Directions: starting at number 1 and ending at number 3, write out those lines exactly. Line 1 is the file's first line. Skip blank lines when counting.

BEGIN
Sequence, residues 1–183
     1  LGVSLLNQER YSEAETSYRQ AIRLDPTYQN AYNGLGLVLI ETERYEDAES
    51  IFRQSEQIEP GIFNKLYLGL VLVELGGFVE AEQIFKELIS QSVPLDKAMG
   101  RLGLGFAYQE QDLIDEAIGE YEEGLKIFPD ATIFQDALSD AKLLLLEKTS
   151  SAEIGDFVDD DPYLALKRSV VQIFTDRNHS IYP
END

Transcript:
Sequence, residues 1–183
     1  LGVSLLNQER YSEAETSYRQ AIRLDPTYQN AYNGLGLVLI ETERYEDAES
    51  IFRQSEQIEP GIFNKLYLGL VLVELGGFVE AEQIFKELIS QSVPLDKAMG